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9. Marketing 10.Finances 11. References

1. Table of Contents 2. What is the DIA? 3. Collections 4. Architcture 5.Artwork 6. Renovation & Expansion 7-8. History

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Detroit Institute of Arts (DIA) The DIA is located in Midtown Detroit,

Michigan, has one of the largest, most significant art collections in the United States. In 2003, the DIA ranked as the second largest municipally owned museum in the United States, with an art collection valued at more than one billion dollars. With over 100 galleries, it covers 658,000 square feet; a major renovation and expansion project completed in 2007 added 58,000 square feet (5,388 m²). The museum building is highly regarded by architects. The original building, designed by Paul Philippe Cret, is flanked by north and so uth wings with the white marble as the main exterior material for the entire structure. It is part of the city’s Cultural Center Historic District listed in the National Register of Historic Places. The museum’s first painting was donated in 1883 and its collection consists of over 65,000 works. The DIA is an encyclopedic museum: its collections span the globe from ancient Egyptian works to contemporary art. The DIA is located in Midtown Detroit’s Cultural Center Historic District, about two miles (3 km) north of the downtown area, near Wayne State University. The Detroit Institute of Arts hosts major art exhibitions and also contains the 1,150-seat Detroit Film Theatre (designed by theatre architect C. Howard Crane).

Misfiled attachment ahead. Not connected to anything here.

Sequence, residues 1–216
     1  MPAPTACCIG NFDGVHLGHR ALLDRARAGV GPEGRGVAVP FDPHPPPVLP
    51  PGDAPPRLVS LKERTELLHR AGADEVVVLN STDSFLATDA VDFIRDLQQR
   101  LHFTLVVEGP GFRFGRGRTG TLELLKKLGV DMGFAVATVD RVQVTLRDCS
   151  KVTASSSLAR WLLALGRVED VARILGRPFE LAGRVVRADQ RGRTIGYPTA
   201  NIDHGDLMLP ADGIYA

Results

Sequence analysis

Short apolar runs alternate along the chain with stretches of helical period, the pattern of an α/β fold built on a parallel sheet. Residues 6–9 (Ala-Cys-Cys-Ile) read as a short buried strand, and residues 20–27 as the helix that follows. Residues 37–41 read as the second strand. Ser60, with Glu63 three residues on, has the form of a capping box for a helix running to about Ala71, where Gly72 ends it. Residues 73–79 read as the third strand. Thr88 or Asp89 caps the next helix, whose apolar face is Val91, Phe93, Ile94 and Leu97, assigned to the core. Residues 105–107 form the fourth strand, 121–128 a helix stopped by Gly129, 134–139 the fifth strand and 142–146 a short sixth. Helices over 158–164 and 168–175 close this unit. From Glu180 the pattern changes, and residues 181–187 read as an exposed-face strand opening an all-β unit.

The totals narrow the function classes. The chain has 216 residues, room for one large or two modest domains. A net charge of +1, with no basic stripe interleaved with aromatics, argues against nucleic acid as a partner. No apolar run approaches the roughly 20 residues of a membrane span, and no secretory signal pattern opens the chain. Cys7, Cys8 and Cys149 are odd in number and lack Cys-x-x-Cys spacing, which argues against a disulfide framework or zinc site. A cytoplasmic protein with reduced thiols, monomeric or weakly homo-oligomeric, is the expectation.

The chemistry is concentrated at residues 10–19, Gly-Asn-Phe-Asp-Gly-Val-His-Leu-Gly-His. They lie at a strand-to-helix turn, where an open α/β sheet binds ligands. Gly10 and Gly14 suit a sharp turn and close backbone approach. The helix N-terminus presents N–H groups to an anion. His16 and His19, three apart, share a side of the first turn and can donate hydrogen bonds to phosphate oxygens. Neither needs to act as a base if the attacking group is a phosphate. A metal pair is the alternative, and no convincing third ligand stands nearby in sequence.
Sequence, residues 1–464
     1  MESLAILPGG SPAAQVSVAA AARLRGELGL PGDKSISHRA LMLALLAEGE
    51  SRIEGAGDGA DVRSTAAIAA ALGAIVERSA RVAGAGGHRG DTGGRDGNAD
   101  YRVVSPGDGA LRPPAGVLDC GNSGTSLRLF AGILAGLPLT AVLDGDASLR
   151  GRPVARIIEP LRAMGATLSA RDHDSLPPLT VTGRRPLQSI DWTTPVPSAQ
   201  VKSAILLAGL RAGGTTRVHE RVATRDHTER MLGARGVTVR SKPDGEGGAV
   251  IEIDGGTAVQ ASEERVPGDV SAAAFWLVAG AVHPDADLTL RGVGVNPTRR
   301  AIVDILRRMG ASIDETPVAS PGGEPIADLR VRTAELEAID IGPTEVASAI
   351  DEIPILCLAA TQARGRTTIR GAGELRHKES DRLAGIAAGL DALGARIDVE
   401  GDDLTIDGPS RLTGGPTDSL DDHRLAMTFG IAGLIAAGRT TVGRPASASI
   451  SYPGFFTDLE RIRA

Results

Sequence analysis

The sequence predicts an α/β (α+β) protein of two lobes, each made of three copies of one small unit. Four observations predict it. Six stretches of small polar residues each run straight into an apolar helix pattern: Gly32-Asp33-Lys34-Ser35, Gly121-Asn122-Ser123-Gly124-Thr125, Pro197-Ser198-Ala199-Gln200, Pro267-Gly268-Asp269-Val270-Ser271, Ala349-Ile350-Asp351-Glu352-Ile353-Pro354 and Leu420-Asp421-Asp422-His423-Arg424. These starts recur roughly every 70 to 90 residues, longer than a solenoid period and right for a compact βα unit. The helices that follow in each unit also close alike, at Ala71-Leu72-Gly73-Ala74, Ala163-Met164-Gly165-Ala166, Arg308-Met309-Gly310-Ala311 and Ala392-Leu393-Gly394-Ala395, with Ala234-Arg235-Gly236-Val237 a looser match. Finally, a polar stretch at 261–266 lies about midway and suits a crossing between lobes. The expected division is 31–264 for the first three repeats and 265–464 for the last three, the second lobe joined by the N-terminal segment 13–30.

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Collections

The museum contains 100 galleries of art from around the world. Diego Rivera’s Detroit Industry cycle of frescoes span the upper and lower levels to surround the central grand marble court of the museum. The armor collection of William Randolph Hearst lines the main hall entry way to the grand court. The collection of American art at the DIA is one of the most impressive, and officials at the DIA have ranked the American paintings collection third among museums in the United States. Works by American artists began to be collected immediately following the museum’s founding in 1883. Today the collection is a strong survey of American history, with acknowledged masterpieces of painting, sculpture, furniture and decorative arts from the 18th century, 19th century, and 20th century, with contemporary American art in all media also being collected. In addition to the American and European works, the collections of the Detroit Institute of Arts are generally encyclopedic and extensive, including ancient Greek, Roman, Etruscan, Mesopotamian, and Egyptian material, as well as a wide range of Islamic, African and Asian art of all media. In December 2010, the museum debuted an all new permanent gallery with special colllections of hand, shadow, and string puppets along with programmable lighting and original backgrounds. The museum plans to feature puppet related events and rotation of exhibits drawn from its puppet collections. • • • • • • • • • • • • • • • •